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to the Separatists at Gainsborough, and through them to those of Basset-Lawe. We are hardly warranted in supposing that he was connected with the Thomas Robinson who was so deeply concerned in the affair of the Bawtry Hospital, but it is far from improbable that that Robinson was originally of Gainsborough, where in the reign of Charles II. Robinsons were chief persons among the dissenters of that town.

We are told that he was beneficed in Norfolk, somewhere near Yarmouth. This is far too vague to satisfy even the most moderate curiosity about such a man. In looking over the list of Norfolk incumbents in Blomefield's history of that county, I meet with only one Robinson of his period who was beneficed in any place which could be said to be near Yarmouth. This was the incumbent of the vicarage, or perpetual curacy of Mundham, which is about fourteen miles distant from Yarmouth. We have no more of his name than “ Robinson ;" but as Mundham was an impropriation of the Hospital of St. Giles in Norwich, and as we have the testimony of Dr. Joseph Hall, that Robinson the Separatist had some expectation of being appointed the master of that hospital, it seemed a reasonable presumption that Mundham was the benefice in Norfolk, which he is said to have held. But Mr. Ashton appears to have discovered that the incumbent of Mundham, whose surname was Robinson, was named Robert. It is, however, singular that there should be two Robinsons at that time, both brought into connection with St. Giles' Hospital at Norwich, and both clergymen.

We know that John Robinson lived for some time in Norwich, "Witness the late practice in Norwich, where certain citizens were excommunicated for resorting unto and praying with Mr. Robinson, a man worthily reverenced of all the city for the grace of God in him." This occurs in Ainsworth's “ Answer to Crashaw," and is cited by Mr. Hanbury. Dr. Young has referred to one of Robinson's Tracts for a more direct testimony. It is his “ People's Plea for the exercise of prophecy," l6mo, 1618. He dedicated it to "his Christian friends in Norwich and thereabouts," and afterwards says, "even as when I lived with you."

We also know that he left Norwich in some disgust. Ephraim Pagitt speaks of "one Master Robinson who, leaving Norwich malcontent, became a rigid Brownist." Dr. Hall, in a passage of his Apology against Brownists, cited by Dr. Young, makes this apparently uncharitable insinuation : “ Neither doubt we that the mastership of the hospital at Norwich, or a lease from that city (sued for with

repulse) might have procured that this separation from the communion, government, and worship of the Church of England should not have been made by John Robinson."

On the whole it may be taken as being very near the truth, that he took the office assigned himn in the Basset-Lawe church in 1606 or 1607.*

Winslowe, who joined his church while it was at Leyden, and who was one of the party of a hundred, the first instalment of the Leyden church to the English population of America, says, "'T is true, I confess, he was more rigid in his course and way at first, than toward his latter end; for his study was peace and union as far as might agree with faith and a good conscience; and for schisms and divisions there was nothing in the world more hateful to him. But for the government of the Church of England, as it was in the Episcopal way, the Liturgy, and stinted prayers of the church thereby, yea, the constitution thereof as national, so consequently the corrupt communion of the unworthy and the worthy receivers of the Lord's Supper, these things were never approved of by him, but witnessed against to his death, and are by the church over which he was to this day.

Here was something of substantial principle, something very unlike the puerile cavils about the few ceremonial acts which were continued from the primeval ages of Christianity, interesting as symbolical, and venerable as of unfathomed antiquity; and we cannot but regard such a man as entitled to a voice in Christian controversies.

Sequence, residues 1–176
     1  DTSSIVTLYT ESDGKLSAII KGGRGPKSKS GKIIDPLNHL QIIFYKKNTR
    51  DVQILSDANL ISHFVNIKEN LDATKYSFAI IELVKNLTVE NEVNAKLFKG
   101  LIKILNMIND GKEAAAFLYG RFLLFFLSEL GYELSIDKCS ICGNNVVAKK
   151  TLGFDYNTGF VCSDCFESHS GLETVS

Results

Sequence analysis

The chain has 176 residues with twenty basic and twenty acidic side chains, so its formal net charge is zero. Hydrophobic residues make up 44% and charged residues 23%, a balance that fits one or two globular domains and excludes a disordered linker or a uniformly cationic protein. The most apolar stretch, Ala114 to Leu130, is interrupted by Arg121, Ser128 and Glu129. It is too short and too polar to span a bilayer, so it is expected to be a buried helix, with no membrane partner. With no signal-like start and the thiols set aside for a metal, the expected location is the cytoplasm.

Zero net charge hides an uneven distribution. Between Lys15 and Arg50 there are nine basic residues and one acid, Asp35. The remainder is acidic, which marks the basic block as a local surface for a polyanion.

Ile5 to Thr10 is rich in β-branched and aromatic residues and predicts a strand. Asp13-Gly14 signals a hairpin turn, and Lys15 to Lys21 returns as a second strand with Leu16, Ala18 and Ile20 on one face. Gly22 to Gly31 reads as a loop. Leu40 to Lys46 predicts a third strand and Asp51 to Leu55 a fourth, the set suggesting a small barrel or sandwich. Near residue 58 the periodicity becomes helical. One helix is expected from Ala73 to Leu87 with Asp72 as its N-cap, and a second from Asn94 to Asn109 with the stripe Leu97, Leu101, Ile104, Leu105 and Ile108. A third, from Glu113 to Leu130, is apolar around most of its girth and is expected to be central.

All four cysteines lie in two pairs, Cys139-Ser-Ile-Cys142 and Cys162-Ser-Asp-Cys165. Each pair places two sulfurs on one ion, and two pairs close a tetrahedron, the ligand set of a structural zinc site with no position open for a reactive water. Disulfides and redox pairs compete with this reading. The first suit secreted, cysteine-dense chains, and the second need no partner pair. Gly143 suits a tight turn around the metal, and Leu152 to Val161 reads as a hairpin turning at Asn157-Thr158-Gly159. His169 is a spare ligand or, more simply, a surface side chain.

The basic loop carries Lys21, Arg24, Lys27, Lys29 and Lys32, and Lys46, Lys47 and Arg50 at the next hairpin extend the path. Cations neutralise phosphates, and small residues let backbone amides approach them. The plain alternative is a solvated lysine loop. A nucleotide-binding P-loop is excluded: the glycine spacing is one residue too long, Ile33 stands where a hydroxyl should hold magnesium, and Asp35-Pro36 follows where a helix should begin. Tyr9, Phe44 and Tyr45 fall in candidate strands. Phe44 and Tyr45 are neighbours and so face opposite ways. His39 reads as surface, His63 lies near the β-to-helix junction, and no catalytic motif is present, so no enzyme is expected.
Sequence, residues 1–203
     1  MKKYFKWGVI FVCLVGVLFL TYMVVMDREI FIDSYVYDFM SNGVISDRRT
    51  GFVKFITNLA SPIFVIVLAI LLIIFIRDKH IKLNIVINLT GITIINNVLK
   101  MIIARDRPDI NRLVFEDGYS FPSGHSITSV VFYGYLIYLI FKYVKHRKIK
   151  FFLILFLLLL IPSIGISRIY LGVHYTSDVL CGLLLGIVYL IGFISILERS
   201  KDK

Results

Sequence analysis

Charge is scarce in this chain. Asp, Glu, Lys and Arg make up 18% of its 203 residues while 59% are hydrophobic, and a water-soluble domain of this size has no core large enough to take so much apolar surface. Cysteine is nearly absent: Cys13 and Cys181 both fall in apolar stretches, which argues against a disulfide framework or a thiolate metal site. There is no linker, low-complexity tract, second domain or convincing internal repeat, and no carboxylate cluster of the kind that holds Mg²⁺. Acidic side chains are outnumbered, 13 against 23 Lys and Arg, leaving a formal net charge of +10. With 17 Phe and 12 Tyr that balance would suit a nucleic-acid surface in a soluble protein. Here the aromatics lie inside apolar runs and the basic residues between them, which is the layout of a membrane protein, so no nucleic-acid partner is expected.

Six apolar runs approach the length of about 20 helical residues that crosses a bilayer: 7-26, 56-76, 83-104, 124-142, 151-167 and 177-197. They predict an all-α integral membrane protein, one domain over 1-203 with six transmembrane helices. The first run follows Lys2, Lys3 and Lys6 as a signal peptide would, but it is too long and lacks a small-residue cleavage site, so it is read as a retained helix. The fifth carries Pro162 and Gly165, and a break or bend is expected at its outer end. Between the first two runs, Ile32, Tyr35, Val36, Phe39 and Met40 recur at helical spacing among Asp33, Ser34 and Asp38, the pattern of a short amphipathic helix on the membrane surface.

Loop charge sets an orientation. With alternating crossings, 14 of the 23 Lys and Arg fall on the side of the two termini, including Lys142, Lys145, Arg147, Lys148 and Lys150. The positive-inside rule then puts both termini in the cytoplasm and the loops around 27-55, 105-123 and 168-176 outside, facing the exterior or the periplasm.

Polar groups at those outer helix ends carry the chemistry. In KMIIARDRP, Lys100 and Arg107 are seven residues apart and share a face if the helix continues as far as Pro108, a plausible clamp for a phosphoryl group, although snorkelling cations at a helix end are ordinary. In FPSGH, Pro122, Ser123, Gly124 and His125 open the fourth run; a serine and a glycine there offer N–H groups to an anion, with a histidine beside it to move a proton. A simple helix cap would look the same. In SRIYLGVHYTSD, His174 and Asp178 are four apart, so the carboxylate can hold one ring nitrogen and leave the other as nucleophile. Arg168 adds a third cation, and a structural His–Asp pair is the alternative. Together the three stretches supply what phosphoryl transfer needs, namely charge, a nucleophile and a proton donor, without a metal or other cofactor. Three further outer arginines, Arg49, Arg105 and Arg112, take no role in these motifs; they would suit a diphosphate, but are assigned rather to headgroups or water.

With the zeal of Brewster there was, therefore, now united the moderation and prudence, and perhaps the hesitancy, of Robinson. But we have now to introduce upon the stage another person who joined himself to the church when quite a youth, who removed with it to Amsterdam, and from thence to Leyden, and who was in the first ship, the Mayflower, which entered the harbor of New Plymouth. He held no office in the church, but he had the chief share in managing the civil affairs of the colony, and subsequently became the person to whom we are indebted for so much authentic information concerning this movement. This was William Bradford, to whose energy while still quite a young man the church appears to have been greatly indebted in the trying circumstances which attended its removal from England.

It is to Dr. Cotton Mather that we are indebted for what is known of the early life of Bradford. He seems to have owed most of his

* See Bradford's testimony to the character of Robinson.

information to writings of Bradford himself, which are now lost. An unfortunate, but very excusable misprint in Dr. Mather's work, or more probably a mistake in the manuscript, has frustrated all former inquiries into the origin and family connections of Bradford, about which curiosity has been alive. In the Magnalia we read that he was born at Ansterfield. No such place can be found in the villare of England, and therefore the name was no guide to the country in which inquiry might be made about him with any chance of success. But, in fact, what is printed Ansterfield ought to be Austerfield, a village near Scrooby, being about as far to the north-east of Bawtry as Scrooby is to the south. And this point having been ascertained, opportunities were opened for the discovery of the station in life which his family had occupied, to support the representations given in general terms by Dr. Mather, and of the persons with whom the family of the future Governor of New Plymouth were connected by friendship or alliances.

Austerfield is an ancient village, consisting then, as it does now, of a few houses inhabited by persons engaged in the occupation of husbandry, and a small chapel of a very early age. Ecclesiastically, it is dependent on the church of Blythe, and the vicar of that parish appoints the curate. Unlike Scrooby in that respect, whose early registers are lost, Austerfield has preserved them from the beginning in a good state ; and it is chiefly by the help of what is recorded in them that we are able to show that this was the birthplace of Governor Bradford, and to give some account, such as it is, of his family.